Bipolar disorder – known in the past as manic depression – is a condition that affects your moods, which can swing from one extreme to another. If you have bipolar disorder, you will have periods or "episodes" of:
- Depression – where you feel very low and lethargic
- Mania – where you feel very high and overactive (less severe mania is known as hypomania)
The symptoms of bipolar disorder depend on which mood you are experiencing. Unlike simple mood swings, each extreme episode of bipolar disorder can last for several weeks or longer, and some people may not experience a "normal" mood very often.
We often use the expression "I'm feeling depressed" when we're feeling sad or miserable about life. Usually, these feelings pass in due course. But if the feelings are interfering with your life and don't go away after a couple of weeks, or if they come back, over and over again, for a few days at a time, it could be a sign that you're depressed in the medical sense of the term.
In its mildest form, depression can mean just being in low spirits. It doesn’t stop you leading your normal life, but makes everything harder to do and seem less worthwhile. At its most severe, major depression (clinical depression) can be life-threatening, because it can make people suicidal or simply give up the will to live.
Depression is seen by some experts as a form of unfinished mourning. Often events or experiences that trigger depression can also be seen as a loss of some kind. It could be following the actual death of someone close, a major life change (such as moving house or changing jobs) or simply moving from one phase of life into another, as we reach retirement or our children leave home.
It’s not just the negative experience that causes the depression, but how we deal with it. If the feelings provoked are not expressed or explored at the time, they fester and contribute towards depression. It's important to acknowledge and grieve over what we have lost in order to be able to move on successfully.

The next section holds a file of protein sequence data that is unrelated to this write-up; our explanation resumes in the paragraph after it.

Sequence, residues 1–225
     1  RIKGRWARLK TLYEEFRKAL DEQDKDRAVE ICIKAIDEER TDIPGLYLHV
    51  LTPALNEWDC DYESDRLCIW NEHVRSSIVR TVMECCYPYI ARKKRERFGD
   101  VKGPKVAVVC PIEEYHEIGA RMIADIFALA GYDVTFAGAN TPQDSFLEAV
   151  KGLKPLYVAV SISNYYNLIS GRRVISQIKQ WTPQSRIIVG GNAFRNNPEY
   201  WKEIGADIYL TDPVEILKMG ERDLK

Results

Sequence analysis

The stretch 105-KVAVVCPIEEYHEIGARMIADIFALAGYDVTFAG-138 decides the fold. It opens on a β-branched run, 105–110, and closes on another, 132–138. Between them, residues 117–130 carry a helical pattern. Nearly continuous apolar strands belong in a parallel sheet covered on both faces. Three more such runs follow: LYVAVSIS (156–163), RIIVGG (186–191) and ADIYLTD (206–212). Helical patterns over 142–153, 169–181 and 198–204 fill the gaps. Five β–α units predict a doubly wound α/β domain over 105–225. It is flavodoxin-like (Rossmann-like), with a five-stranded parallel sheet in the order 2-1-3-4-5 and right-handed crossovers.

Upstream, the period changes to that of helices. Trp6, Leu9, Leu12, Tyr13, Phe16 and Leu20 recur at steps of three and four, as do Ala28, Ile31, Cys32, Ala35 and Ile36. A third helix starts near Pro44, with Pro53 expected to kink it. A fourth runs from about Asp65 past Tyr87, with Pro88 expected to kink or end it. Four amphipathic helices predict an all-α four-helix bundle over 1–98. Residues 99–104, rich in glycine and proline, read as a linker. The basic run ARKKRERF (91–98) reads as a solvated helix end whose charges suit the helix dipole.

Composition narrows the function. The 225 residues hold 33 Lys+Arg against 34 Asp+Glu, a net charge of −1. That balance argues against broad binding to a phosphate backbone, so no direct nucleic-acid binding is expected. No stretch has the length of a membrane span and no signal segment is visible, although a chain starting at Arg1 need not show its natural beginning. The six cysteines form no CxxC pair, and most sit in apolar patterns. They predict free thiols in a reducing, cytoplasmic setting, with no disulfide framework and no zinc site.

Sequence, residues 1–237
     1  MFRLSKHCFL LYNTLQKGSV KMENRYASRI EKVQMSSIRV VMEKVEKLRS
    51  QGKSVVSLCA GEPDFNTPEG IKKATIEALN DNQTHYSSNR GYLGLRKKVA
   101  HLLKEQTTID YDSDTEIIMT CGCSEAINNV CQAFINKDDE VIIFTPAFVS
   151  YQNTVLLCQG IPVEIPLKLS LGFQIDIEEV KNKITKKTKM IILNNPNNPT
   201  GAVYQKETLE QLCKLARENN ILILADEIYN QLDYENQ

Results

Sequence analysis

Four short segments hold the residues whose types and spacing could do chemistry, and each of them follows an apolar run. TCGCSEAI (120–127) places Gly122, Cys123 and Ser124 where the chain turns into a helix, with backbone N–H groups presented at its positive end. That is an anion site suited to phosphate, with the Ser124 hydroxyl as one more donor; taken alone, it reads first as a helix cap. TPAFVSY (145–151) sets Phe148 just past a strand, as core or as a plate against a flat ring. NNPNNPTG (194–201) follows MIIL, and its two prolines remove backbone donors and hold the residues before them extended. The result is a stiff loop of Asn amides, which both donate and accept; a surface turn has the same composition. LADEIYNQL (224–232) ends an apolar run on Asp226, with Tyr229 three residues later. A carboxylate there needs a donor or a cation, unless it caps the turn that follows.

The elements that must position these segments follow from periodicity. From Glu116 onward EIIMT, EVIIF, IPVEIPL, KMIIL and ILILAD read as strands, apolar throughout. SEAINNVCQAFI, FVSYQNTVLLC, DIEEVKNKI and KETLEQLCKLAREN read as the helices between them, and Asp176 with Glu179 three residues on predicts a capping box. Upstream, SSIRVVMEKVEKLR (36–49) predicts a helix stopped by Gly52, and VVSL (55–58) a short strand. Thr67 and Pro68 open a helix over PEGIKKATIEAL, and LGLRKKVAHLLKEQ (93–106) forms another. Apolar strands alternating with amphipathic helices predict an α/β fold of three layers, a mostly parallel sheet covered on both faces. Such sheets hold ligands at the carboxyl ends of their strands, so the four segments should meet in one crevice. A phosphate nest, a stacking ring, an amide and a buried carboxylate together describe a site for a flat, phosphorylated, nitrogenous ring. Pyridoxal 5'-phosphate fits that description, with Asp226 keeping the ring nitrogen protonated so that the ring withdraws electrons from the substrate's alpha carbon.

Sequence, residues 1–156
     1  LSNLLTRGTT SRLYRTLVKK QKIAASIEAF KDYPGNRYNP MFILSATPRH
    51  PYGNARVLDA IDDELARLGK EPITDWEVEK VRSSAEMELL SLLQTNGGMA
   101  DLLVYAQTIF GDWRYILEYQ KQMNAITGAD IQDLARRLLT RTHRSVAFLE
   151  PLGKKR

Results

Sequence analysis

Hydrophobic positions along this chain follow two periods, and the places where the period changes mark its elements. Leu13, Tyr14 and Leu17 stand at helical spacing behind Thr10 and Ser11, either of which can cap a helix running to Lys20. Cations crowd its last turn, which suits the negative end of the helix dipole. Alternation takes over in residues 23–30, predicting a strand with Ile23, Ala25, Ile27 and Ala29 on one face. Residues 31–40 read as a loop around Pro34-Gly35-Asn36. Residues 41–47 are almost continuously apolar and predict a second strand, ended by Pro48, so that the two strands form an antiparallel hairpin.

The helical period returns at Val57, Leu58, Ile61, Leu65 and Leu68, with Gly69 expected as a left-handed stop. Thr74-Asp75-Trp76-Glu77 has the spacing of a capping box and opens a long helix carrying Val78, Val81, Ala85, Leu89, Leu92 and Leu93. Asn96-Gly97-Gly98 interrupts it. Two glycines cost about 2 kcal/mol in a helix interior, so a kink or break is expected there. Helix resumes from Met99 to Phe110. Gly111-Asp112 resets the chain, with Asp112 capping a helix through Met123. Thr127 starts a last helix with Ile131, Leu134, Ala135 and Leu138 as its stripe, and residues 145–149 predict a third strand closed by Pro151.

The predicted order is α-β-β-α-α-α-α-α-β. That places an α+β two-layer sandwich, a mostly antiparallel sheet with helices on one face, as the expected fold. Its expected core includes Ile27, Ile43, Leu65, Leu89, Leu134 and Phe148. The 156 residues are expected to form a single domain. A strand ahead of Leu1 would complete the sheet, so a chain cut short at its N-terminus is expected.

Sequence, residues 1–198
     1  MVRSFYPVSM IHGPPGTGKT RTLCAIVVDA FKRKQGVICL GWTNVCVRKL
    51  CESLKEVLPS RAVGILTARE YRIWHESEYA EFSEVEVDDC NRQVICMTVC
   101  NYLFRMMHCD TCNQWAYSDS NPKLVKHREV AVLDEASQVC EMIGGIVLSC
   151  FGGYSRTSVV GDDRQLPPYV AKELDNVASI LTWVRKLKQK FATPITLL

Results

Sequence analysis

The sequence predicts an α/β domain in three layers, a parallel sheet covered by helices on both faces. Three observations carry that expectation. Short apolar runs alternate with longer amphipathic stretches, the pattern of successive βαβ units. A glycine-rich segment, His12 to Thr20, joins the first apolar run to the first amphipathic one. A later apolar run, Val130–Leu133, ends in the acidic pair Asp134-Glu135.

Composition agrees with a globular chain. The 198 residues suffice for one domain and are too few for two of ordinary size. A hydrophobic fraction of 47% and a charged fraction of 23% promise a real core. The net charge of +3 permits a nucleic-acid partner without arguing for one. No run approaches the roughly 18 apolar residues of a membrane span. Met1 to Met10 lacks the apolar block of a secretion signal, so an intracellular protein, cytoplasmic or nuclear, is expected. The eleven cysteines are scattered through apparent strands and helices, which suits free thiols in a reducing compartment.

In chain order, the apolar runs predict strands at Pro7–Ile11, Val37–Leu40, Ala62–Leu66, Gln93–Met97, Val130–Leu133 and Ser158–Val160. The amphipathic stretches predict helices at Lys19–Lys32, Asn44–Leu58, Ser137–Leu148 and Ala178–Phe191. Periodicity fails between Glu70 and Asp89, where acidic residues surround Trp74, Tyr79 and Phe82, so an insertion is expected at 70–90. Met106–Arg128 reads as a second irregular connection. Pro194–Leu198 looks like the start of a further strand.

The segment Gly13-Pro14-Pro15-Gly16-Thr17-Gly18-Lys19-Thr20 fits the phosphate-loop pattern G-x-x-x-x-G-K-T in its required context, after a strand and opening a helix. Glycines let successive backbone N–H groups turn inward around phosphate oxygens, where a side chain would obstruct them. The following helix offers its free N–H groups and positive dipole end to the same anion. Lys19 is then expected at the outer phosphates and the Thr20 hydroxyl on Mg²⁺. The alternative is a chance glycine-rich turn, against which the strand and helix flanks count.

You've just had a baby, one of the most important and happiest events in your life. "What could make a woman happier than a new baby?" you wonder. So why are you so sad? We don't know for sure, but you are not alone. As many as 80% of women experience some mood disturbances after pregnancy ("post-natal"). They feel upset, alone, afraid, or unloving toward their baby, and guilt for having these feelings.
For most women, the symptoms are mild and go away on their own. But 10-20% of women develop a more disabling form of mood disorder called post-natal depression. The "baby blues" are usually a passing state of heightened emotions that occurs in about half of women who have recently given birth. This state peaks 3-5 days after delivery and lasts from several days to 2 weeks. A woman with the blues may cry more easily than usual and may have trouble sleeping or feel irritable, sad, and "on edge" emotionally. Because baby blues are so common and expected, they are not considered an illness.
Disclaimer: Counselling or Psychotherapy Treatments are not a substitute for professional medical care by a qualified doctor or other health care professional. Always check with your doctor if you have any concerns about your condition or treatment. Clients are responsible for assessing the outcome of their treatment and are advised to refer to NICE guidelines for further information.